So functionality matching the looks. Not too many stockists out there, but you can get it online for £1,149 in both colour options via Electrical Discount UK.

Find out more at the Electrical Discount UK website

Gorenje introduces the special edition VW Camper Van fridge
Gorenje introduces the special edition VW Camper Van fridge
Gorenje introduces the special edition VW Camper Van fridge
Gorenje introduces the special edition VW Camper Van fridge
Gorenje introduces the special edition VW Camper Van fridge
Gorenje introduces the special edition VW Camper Van fridge
Gorenje introduces the special edition VW Camper Van fridge
Gorenje introduces the special edition VW Camper Van fridge


VW Bus reminiscent of surfing culture


Guy Malpica was born in Chicago but moved with his family at the age of 5 to sunny Puerto Rico. There in the tropics, he grew to embrace the strong culture of family, balmy weather and his favorite pastime, surfing.

1967 VW Bus

Uncles and friends owned VW buses and Guy routinely would jump in with five or six other relatives, and their boards, for long days out on the waves.

Guy, who now lives in Bensenville, moved back to Illinois in 1984 and for years sought to bring a tangible piece of those memories back with him. In 2014, he located the perfect icon to fulfill that wish: a classic VW bus.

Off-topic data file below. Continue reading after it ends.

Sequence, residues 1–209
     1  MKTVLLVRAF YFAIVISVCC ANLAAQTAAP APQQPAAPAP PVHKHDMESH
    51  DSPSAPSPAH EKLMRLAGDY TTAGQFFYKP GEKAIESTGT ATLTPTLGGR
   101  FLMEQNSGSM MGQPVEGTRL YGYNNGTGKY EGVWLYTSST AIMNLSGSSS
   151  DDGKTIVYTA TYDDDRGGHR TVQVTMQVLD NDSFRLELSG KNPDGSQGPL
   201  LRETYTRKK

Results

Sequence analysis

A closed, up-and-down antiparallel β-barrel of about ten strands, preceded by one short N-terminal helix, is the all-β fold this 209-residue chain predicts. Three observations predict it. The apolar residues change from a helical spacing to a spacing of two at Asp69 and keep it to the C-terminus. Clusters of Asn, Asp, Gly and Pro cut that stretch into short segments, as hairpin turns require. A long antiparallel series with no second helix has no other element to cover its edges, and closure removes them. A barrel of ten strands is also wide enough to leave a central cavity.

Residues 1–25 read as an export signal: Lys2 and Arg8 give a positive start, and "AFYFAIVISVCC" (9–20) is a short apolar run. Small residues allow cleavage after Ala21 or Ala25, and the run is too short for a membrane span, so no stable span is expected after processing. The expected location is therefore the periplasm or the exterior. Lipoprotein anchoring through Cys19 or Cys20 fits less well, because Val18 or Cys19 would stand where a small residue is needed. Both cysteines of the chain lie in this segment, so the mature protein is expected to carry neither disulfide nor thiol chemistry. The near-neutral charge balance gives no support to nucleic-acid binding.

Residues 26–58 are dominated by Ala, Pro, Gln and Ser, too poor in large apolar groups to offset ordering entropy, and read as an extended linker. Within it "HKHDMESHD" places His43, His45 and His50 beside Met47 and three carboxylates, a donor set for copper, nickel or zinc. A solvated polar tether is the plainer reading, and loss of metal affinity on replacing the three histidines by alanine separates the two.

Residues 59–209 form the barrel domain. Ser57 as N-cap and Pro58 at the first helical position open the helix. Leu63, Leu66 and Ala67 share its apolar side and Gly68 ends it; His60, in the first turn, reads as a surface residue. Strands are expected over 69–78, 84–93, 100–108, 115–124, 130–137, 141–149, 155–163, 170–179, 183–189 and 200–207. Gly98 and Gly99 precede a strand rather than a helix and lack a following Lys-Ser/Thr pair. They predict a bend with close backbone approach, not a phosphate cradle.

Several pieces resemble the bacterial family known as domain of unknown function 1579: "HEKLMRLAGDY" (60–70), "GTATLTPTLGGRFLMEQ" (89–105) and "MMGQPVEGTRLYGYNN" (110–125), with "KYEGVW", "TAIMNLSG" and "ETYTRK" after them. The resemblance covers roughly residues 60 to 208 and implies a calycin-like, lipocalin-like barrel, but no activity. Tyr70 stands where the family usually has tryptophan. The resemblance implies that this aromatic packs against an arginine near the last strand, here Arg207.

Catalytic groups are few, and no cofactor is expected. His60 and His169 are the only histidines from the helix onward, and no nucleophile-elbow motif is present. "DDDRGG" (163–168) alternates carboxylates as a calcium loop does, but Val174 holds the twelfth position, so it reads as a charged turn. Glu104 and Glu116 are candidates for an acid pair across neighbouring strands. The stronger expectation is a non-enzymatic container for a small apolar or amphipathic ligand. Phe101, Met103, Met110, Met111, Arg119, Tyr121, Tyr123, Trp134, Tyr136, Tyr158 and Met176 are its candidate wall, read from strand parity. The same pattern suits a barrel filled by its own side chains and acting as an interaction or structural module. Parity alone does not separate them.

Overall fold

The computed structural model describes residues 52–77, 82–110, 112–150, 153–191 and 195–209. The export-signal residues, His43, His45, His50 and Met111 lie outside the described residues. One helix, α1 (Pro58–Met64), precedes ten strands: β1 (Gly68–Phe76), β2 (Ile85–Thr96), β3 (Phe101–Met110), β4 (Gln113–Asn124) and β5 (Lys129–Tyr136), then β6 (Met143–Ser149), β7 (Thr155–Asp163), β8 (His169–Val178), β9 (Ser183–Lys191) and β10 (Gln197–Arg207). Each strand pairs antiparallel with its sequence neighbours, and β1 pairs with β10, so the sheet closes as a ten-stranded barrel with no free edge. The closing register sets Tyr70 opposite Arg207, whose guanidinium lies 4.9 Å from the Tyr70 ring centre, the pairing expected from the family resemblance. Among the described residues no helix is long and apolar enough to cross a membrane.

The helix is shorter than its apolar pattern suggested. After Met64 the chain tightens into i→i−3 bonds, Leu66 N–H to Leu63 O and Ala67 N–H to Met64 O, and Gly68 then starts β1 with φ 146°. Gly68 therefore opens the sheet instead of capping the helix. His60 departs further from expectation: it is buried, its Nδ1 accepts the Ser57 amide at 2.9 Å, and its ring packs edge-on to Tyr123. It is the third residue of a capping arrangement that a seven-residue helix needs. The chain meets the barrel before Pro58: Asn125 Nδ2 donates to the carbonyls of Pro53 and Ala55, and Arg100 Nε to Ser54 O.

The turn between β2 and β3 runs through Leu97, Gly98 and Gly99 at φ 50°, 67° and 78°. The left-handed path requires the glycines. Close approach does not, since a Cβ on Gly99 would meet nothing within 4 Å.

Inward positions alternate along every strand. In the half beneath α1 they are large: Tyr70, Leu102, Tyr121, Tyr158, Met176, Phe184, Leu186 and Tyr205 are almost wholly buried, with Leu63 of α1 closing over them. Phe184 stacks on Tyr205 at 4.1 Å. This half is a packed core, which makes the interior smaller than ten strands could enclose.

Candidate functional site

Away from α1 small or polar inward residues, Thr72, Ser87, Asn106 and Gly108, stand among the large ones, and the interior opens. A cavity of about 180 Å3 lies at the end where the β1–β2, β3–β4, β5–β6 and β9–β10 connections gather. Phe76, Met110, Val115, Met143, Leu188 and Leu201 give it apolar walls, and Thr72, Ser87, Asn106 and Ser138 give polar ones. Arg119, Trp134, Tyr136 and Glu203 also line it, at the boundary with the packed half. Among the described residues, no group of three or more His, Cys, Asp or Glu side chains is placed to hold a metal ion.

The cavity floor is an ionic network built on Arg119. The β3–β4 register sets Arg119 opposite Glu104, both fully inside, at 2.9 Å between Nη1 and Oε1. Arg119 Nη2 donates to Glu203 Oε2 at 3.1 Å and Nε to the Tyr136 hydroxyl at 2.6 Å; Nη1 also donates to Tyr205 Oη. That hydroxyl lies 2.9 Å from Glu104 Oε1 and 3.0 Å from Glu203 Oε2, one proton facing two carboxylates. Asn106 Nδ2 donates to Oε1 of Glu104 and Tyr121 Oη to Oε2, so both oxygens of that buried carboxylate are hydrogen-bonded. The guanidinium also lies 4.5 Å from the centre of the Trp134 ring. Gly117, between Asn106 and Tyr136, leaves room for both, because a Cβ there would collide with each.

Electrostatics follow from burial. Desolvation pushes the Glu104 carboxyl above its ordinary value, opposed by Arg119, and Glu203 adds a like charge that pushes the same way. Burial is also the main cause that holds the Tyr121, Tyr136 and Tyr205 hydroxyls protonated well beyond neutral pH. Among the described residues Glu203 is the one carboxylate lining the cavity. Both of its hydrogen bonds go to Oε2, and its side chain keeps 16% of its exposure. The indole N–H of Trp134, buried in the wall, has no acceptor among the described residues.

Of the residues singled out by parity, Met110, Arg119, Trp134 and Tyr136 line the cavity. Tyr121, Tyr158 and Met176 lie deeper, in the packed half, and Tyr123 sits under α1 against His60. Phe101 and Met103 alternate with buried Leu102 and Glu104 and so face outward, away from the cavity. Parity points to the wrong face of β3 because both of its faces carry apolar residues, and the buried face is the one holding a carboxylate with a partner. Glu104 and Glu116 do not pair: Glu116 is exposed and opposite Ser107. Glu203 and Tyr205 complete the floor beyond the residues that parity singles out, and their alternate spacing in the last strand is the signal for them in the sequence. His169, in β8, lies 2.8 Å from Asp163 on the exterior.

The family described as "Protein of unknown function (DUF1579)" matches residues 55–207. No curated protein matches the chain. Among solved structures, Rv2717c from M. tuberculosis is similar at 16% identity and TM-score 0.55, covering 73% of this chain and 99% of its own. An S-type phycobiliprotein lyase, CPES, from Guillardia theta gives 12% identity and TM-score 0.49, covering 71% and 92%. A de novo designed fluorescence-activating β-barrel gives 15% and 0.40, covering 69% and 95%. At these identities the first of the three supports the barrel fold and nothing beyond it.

“I wanted a vehicle to enjoy with my whole family and one that would represent me as a retired surfer,” Guy says. “I wanted to fix it in my style.”

He found a groovy red and white 1967 example in San Francisco and knew it was the right one. After getting it home, Guy wasted no time doing all his desired custom work. While he wanted a distinct style, he also wanted substance, so he dug into the Volkswagen’s history, researching and tracing its roots back several owners. Guy is the bus’ fourth owner but he located and talked to its second owner, Mike.

“He told me the bus had been bought new in Indiana,” Guy says. “It was (originally) used at a senior citizens center to move their guests around.”

Mike bought the bus from the center in the late 1980s and completed its first overhaul. Mike then sold it to a third owner out on the West Coast, where the VW eventually landed in Guy’s hands.

Since then, Guy has added such items as Wilwood disc brakes and a wooden roof rack up top, which is just perfect for hauling Guy’s short boards. He also painted the bumpers to match the body color. The bus features Porsche wheels and Guy plans to add a Porsche engine this winter to give his bus more “oomph.”

Since he purchased the bus in 2014, Malpica has added Wilwood brakes and a new interior to safely motor around the suburbs.